On November 4th, 2021, the NULab and the Digital Scholarship Group (DSG) hosted the eighth annual Fall Welcome event, featuring an exciting group of lightning talks from graduate students and faculty, as well as a keynote lecture by Dr. Garrett Dash Nelson, President and Head Curator at the Norman B. Leventhal Map and Education Center at the Boston Public Library.
The NULab and DSG began the new academic year welcoming Dr. Garrett Dash Nelson, President and Head Curator at the Norman B. Leventhal Map and Education Center at the Boston Public Library, as the keynote speaker for the Fall Welcome. The Leventhal Center is an independent center partnered with the Boston Public Library. Nelson’s keynote talk was entitled, “It Could Happen Here: Space, Place, and Geography in Digital Scholarship.” Nelson described himself as a historical geographer studying ideas about place and community, and noted that he is mostly self-taught in terms of digital methods. He seeks to ask the question: where it is appropriate and useful to embrace digital map-making tools and when is it not? Nelson emphasized that maps are not the only analytical method for space and place, and maps should not be chosen simply because the data deals with space. Maps should only be used when the content would be difficult to understand without one. Put another way, he warned against making a web-map simply because you can and called for maps to be made only when they reveal an insight related to spatiality. Quite simply: just because you can make a map doesn’t mean you should.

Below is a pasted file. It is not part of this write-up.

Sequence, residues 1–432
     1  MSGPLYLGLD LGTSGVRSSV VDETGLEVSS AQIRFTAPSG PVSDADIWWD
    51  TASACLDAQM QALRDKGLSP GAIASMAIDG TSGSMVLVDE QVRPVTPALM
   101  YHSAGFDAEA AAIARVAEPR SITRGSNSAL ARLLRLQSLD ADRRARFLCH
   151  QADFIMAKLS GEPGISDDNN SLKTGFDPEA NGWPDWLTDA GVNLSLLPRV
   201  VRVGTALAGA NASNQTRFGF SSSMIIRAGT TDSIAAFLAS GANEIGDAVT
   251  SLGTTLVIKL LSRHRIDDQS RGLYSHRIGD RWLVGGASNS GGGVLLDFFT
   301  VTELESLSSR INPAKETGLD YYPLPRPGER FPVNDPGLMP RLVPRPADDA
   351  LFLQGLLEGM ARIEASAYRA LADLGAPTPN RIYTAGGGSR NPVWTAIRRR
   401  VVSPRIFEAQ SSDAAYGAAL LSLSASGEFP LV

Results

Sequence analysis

Nelson is wary of the “inherent truth” often perceived in maps, and attempts to problematize maps as a form of visualization. Today, maps are often used for practical answers, such as ‘How many Dunkin’ Donuts are there within a mile?’, and this often gets extended to the use of maps in a research context. This tendency leads to uncritical consumption of maps as visualizations of truth. Nelson proposed that maps, and spatial data more generally, should be a means of opening up research questions rather than only answering them. The questions raised by maps often demand other methods to answer them.
Nelson spent a portion of the talk demonstrating the Atlascope Boston project created by the Leventhal Center. This project overlays a variety of historical maps on top of a standard open street maps view of Boston, as a means of demonstrating the spatiality of a place across time. This project ties into his overarching goals of reorienting mapmaking platforms towards perspectives based in human geography and urban history. Nelson highlighted the importance of recognizing the loss of data that occurs in making spatial data legible to computers. A central point of his keynote was noticing where these slippages happen in the process of creating a web-map.
Nelson asserted that geography should be viewed as a binding agent for many other forms of digital scholarship. By a “binding agent” he means a set of methods that can be utilized by a variety of disciplines. He used the example of history as a recognizable binding agent, since many disciplines make use of historical methods. Nelson argued that the same can be considered of geography, with both historical and geographical methods being useful across disciplines. He concluded by encouraging people to visit the Leventhal Center, and to contact him with any questions.